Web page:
Vincent Valdez: The Beginning is Near (Part I), most recently presented at David Shelton Gallery, is deftly timely and a bold step by both artist Vincent Valdez and gallerist David Shelton.
For some viewers, the first and immediate response to the exhibition's large-scale, multi-panel monochrome oil painting is to look away.
The subject matter of the painting is unfortunately familiar, though its implications are extremely complex, deep-rooted, and multifaceted. In a word, the grandiose thirty-foot-long painting, entitled The City I, as well as the presentation of the work itself, is confronting. Less confronting, however, is the exhibition's brilliantly executed accompanying publication, designed in the style of traditional newsprint, intelligently aiding the viewer’s visual inquiry.
In fact, the first lines of the aforementioned publication readily addresses this first response to turn away from the confronting and confounding aspects of the Valdez’s painting — it reads:
“‘Some say the Klan today should just be ignored. Frankly, I’d like to do that. I’m tired of wasting my time on the KKK. I have better things to do. But history won’t let me ignore current events. Those who would use violence to deny others their rights can’t be ignored.’
– Julian Bond, historian and civil rights worker
In her essay Devils and Men: The Ku Klux Klan in American Art, professor and art historian Andrea Lepage places The City I (2015 - 2016) in the context of the history of the Klan and expertly sets Valdez and this painting appropriately along the timeline of art history.
After its initial founding in the 1860s under the guise of a political initiative and its subsequent suppression by federal law enforcement, the Klan powerfully re-emerged in 1915 with new religious tenets and added to its violent agenda cross burnings. This was an extreme addition to the already well-established practice of cruelty against African Americans. This social conflict integral to our country raged in the midst of extreme tension in the global political climate and the during nascent stages of the First World War — the harbinger of far-reaching and radical political, economic, and social consequences in the world-wide arena.
The most recent and still-active manifestation of the KKK was born in the 1950s during yet another time of radical social change and the growing momentum of the Civil Rights Movement. Practices of the KKK at this time focused on direct opposition to the movement via violence and murder, energized by hate and illusory ideals of white supremacy. Presently, estimates of membership in America range from 3,000 - 6,000 active participants, though today’s news and media outlets indicate far greater numbers in allegiance to this contagion of hate.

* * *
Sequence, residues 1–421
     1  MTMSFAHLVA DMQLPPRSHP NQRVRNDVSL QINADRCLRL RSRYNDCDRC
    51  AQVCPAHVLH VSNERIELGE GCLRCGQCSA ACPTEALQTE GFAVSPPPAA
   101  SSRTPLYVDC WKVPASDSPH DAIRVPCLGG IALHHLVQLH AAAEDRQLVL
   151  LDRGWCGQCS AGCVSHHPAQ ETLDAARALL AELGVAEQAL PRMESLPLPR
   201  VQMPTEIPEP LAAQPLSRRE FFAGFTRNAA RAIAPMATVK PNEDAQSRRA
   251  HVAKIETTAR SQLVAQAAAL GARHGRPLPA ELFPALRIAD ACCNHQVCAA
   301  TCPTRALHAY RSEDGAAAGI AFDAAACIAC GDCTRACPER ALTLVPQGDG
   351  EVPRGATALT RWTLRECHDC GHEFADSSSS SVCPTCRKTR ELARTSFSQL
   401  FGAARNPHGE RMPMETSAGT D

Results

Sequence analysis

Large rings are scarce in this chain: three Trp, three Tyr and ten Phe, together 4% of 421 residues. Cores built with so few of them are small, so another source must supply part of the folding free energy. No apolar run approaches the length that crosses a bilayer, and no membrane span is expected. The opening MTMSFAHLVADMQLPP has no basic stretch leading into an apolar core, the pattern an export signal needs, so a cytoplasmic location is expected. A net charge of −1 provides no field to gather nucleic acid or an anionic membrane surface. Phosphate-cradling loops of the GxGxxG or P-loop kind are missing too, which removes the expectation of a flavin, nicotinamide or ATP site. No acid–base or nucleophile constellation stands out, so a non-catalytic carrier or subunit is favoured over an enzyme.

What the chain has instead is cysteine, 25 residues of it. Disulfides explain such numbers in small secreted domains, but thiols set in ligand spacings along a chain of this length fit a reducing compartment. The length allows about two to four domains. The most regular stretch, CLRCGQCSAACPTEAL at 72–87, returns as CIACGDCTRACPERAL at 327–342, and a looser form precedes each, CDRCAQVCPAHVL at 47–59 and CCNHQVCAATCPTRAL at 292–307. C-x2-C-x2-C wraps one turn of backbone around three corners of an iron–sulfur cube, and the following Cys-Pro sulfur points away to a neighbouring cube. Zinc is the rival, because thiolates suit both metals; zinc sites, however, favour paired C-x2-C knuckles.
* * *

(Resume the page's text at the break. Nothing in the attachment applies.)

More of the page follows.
This is the circumstance in which Valdez works. In The City I we see that the artist masterfully humanizes the complacent misery of present-day America through visual expression. As is characteristic of any true artist, Valdez grounds the subject matter of his painting in the context in which he (and we), and it, exists - painting and subject both are products of the American experience. He makes clearly visible the so-called "Invisible Empire" — the Ku Klux Klan. Free from the terror of violence visualized or intimidation from imagined imposing figures, The City I illuminates for us the willful and self-imposed ignorance we are apt to subject ourselves to and details with oil on canvas the intrinsic marks of every American experience: imposed borders, propagated misinformation, insidious brand marketing, and the sharing of blind beliefs and values across generations. This painting confronts us with the reality that the KKK (self-proclaimed as the “GREAT CAUSE”) is a manufactured, non-illusory product of our country — the KKK is Americana brought to life.
The true “great cause,” however, is assumed by the artist — he alerts and compels the viewer toward a greater awareness about the true condition of suffering which plagues our country in looking at this misery with clarity. Without necessarily inciting the viewer towards change, the artist beautifully, and honestly, highlights a shared present American condition. At the minimum, Valdez offers, through his artwork, a moment for viewers to come to truths about his or her respective experience through the auspices of loaded yet familiar imagery. Valdez strategically inserts himself with this large-scale work into an already lengthy, multi-generational dialogue among American artists about the resistance to race equity and the existence of the Klu Klux Klan by depicting this particularly dark aspect of America.
Too, though we might acknowledge the progressiveness of Houston, we have to simultaneously recognize the conservative Southern environment in which this presentation has been made. With this effort, Shelton brings to the rhythm of his exhibition program an accountability to communication — a trait rather rare among gallerists. In so doing, Shelton assumes as much integrity in his decisive presentation of this non-commercial, museum-quality artwork as the artist via illuminatingly complex, touchy subject matter currently floating beneath the surface of our collective American consciousness.
If Valdez is the source of the message and his painting brings it forth, then David Shelton Gallery is the forum and Shelton fits the role of a messenger too. In fact, the word that comes to mind more succinctly is “herald.” The Beginning is Near (Part I) is a strong effort where the magic and synergy of art and representation is most definitely at play — where artist, gallerist, exhibition, and publication meet to herald the imminent sea change to come.